The Contributor helps to build the open badges ecosystem through active participation in the Working Group or community calls and mailing lists.

Potential Evidence:

  • Subscribes to one or more Working Group mailing list or the Open Badges Community Group
  • Attends weekly Community Calls or Working Group calls
  • Contributes to Working Group etherpads
  • Participates in mailing list discussions

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Badge Alliance Working Group Fellow

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This badge acknowledges those who go above and beyond in their contributions to the Open Badges community.

Criteria:

The Fellow displays community-building characteristics, reinforces new ideas about assessment, learning and credentialing, and champions open badges in their respective areas of expertise.

Potential Evidence:

  • Held a leadership role in a Working Group (Chair, Cabinet Member, Secretary)
  • Active participation in the Open Badges MOOC
  • Regularly updates the Badge Alliance team and community on their badge activity
  • Speaks on panels with Badge Alliance members
  • Presents their work on Working Group Calls or Community Calls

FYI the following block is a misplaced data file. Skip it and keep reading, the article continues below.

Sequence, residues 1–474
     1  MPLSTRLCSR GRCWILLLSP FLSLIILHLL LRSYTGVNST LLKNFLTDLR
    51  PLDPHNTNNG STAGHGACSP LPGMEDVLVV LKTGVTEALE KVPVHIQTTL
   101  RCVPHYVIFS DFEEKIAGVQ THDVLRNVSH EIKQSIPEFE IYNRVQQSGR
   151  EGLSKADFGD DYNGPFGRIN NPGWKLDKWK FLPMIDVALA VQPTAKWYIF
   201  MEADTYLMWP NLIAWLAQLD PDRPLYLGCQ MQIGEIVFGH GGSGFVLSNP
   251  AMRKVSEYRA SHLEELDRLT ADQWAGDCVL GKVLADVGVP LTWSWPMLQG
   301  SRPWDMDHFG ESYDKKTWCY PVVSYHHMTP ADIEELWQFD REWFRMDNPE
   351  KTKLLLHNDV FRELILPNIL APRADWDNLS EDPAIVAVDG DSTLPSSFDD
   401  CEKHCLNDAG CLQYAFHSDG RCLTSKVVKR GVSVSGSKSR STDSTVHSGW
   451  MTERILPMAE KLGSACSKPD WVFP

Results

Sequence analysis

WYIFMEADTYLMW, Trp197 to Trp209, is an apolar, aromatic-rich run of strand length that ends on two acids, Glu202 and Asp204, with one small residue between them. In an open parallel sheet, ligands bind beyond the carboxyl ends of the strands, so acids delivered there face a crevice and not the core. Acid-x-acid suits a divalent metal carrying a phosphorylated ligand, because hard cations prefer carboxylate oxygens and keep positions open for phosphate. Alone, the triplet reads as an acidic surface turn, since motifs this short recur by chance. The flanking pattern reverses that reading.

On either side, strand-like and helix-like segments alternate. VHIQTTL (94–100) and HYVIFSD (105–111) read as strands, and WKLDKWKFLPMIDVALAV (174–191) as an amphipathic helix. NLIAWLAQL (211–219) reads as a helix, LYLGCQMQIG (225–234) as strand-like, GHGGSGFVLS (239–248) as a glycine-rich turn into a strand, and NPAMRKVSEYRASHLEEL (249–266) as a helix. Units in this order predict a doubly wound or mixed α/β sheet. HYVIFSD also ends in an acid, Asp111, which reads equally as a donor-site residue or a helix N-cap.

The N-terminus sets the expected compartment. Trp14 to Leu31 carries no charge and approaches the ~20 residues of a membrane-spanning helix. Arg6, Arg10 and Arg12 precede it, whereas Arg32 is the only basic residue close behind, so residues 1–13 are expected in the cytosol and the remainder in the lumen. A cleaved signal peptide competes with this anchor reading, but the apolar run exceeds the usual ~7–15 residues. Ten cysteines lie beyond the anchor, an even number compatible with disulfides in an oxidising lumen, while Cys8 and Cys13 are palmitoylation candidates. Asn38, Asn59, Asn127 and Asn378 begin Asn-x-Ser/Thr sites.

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Open Badges Advocate

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This badge acknowledges individuals who regularly champion Open Badges through active blogging, writing, research, or speaking at conferences.

Criteria:

The Advocate exhibits depth and breadth of knowledge about Open Badges in their writing, research, or presentations.

Potential Evidence:

  • Regularly speaks about Open Badges at conferences, on panels, in workshops, etc.
  • Actively writes or blogs about badges
  • Conducts and publishes research into badges

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Badge Alliance Visionary

image

This badge acknowledges individuals who have altered the landscape of Open Badges through innovative work in research, coding, or badge system design and implementation.

Criteria:

The Visionary makes it possible for others to see the tremendous potential in the open badges movement.

Potential Evidence:

  • Forges new paths for open badges adoption
  • Suggests new approached to alternative credentialing
  • Questions normative understandings of learning, assessment, research, and so-called traditional learning pathways
  • Contributes code, research, and badge system design and implementation in innovative ways